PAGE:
Charmingly incoherent

An opening ceremony for a "self-analysing" people.

 

Last night’s Olympics opening ceremony provoked some interesting comments on Twitter. Highlights include the Spectator journalist Harry Cole tweeting: “Not even communist China were so brazen as to extoll their nationalised stranglehold on their country so blatantly”. Meanwhile the Conservative MP Aidan Burley wrote: “The most leftie opening ceremony I have ever seen – more than Beijing, the capital of a communist state! Welfare tribute next?” While other Tory MPs distanced themselves from their colleague, Burley followed up with this additional reflection: “Thank God the athletes have arrived! Now we can move on from leftie multicultural crap. Bring back red arrows, Shakespeare and the Stones!”

Like most of us on Twitter that night, I too was contemplating the ways in which the Olympic Games have always balanced carnivalesque with depoliticised celebration – the creative spontaneity of the director alongside socio-political rituals binding both audience and performers, openly linked to citizenship. The opening ceremony of the Olympic games is always a commentary on the construction of community.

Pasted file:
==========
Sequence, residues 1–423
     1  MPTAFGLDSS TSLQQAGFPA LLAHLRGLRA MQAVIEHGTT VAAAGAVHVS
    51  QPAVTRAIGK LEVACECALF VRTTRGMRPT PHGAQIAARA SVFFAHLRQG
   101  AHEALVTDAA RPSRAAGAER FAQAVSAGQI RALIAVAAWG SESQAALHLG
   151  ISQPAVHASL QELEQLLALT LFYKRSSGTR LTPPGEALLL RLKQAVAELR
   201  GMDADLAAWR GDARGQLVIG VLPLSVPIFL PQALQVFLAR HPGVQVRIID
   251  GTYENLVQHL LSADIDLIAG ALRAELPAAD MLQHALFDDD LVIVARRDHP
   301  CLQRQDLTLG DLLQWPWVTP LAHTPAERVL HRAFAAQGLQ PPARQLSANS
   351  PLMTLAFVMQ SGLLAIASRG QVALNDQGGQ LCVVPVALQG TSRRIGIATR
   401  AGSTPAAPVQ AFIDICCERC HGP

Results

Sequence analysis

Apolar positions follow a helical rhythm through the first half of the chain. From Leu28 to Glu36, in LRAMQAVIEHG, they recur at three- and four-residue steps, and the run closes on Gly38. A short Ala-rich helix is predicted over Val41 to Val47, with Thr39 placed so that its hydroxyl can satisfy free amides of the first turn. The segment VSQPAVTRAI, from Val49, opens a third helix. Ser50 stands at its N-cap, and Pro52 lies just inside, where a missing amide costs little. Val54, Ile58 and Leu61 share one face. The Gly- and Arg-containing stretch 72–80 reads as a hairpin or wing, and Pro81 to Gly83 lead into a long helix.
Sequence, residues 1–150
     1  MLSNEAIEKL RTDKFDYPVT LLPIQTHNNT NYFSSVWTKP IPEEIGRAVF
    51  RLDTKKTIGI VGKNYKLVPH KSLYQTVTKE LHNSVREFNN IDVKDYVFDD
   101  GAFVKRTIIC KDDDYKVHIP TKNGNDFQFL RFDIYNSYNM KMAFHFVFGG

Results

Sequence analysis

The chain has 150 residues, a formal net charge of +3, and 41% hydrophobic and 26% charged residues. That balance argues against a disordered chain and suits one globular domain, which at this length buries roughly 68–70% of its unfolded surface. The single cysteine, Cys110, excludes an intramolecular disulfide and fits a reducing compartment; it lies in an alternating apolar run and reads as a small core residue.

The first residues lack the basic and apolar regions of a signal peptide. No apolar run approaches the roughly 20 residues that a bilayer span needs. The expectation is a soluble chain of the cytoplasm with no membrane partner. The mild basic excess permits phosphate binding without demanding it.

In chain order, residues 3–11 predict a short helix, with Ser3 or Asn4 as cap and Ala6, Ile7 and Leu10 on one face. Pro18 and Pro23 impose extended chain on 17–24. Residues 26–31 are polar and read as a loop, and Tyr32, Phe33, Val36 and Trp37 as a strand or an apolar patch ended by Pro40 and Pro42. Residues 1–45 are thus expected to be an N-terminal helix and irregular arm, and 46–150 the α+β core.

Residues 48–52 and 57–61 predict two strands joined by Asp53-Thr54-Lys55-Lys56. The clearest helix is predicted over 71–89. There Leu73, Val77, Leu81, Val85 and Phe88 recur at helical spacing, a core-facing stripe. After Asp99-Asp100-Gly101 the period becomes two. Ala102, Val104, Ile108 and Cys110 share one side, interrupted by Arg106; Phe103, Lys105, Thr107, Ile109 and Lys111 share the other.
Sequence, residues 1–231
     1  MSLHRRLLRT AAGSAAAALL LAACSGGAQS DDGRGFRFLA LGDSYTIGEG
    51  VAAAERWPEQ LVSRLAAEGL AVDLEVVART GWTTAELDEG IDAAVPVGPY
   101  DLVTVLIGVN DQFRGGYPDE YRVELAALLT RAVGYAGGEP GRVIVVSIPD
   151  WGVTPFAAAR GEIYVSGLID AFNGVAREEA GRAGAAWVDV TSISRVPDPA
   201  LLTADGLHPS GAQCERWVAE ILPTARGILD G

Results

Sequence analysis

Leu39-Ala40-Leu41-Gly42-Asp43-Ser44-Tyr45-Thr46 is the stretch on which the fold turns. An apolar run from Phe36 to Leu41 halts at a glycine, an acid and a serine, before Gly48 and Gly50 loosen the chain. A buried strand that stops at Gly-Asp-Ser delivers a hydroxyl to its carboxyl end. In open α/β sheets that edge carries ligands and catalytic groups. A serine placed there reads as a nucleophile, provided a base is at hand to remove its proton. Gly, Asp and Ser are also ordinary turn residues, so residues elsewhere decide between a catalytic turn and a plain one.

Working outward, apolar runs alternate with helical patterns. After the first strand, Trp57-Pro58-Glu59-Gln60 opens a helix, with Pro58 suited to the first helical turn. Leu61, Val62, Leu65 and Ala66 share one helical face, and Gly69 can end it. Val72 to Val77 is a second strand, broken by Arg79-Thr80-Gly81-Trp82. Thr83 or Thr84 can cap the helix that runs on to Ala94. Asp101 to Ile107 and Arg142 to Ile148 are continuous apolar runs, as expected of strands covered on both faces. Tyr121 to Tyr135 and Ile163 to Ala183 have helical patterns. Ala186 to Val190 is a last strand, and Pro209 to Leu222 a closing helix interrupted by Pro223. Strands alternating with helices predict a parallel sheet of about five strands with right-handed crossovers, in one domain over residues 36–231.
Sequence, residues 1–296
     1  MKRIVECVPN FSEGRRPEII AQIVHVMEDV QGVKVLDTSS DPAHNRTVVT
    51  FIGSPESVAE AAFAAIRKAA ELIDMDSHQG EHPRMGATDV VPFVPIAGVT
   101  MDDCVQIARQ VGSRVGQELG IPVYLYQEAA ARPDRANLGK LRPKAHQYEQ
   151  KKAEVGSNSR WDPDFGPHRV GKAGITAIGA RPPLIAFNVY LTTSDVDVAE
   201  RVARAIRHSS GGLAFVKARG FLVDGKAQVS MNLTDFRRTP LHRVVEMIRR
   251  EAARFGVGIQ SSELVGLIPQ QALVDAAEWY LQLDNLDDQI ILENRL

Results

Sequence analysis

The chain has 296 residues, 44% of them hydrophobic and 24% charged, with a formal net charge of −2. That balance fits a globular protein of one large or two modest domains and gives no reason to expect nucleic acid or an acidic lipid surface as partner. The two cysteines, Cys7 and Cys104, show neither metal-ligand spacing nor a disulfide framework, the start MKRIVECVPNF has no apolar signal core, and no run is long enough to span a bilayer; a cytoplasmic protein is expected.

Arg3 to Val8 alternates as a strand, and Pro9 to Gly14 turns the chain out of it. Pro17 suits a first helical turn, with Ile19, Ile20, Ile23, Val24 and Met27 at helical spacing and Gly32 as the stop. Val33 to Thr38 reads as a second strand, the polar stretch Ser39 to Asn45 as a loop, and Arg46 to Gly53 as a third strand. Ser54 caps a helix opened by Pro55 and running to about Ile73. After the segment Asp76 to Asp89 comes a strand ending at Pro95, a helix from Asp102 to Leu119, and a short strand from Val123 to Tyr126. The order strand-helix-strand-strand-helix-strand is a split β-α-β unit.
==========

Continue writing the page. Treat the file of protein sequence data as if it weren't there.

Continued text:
The ceremony can be an unambiguously aggressive glorification of the state. China’s version at the Biejing games in 2008 attempted a kind of direct indoctrination. Its regulated spectacle celebrated “shengshi” – the age of prosperity before 19th-century decline. Tellingly, it lacked any real idea of individual artistic merit. And yet in many ways it worked. While pro-Tibet sympathisers interrupted the journey of the Olympic torch in Europe and North America, the issue was quickly forgotten once the bombast of the opening ceremony took hold. Many misread China’s intentions as tending in a liberalising direction. But the 2008 Games marked the start of even tighter political control, exemplified by the fortunes of artist Ai Weiwei, one of the designers of the Bird’s Nest Stadium. “I don’t believe in the so-called Olympic spirit," he wrote in a recent Guardian article. “The state and the Olympic committee failed to take a position on many major social and political issues”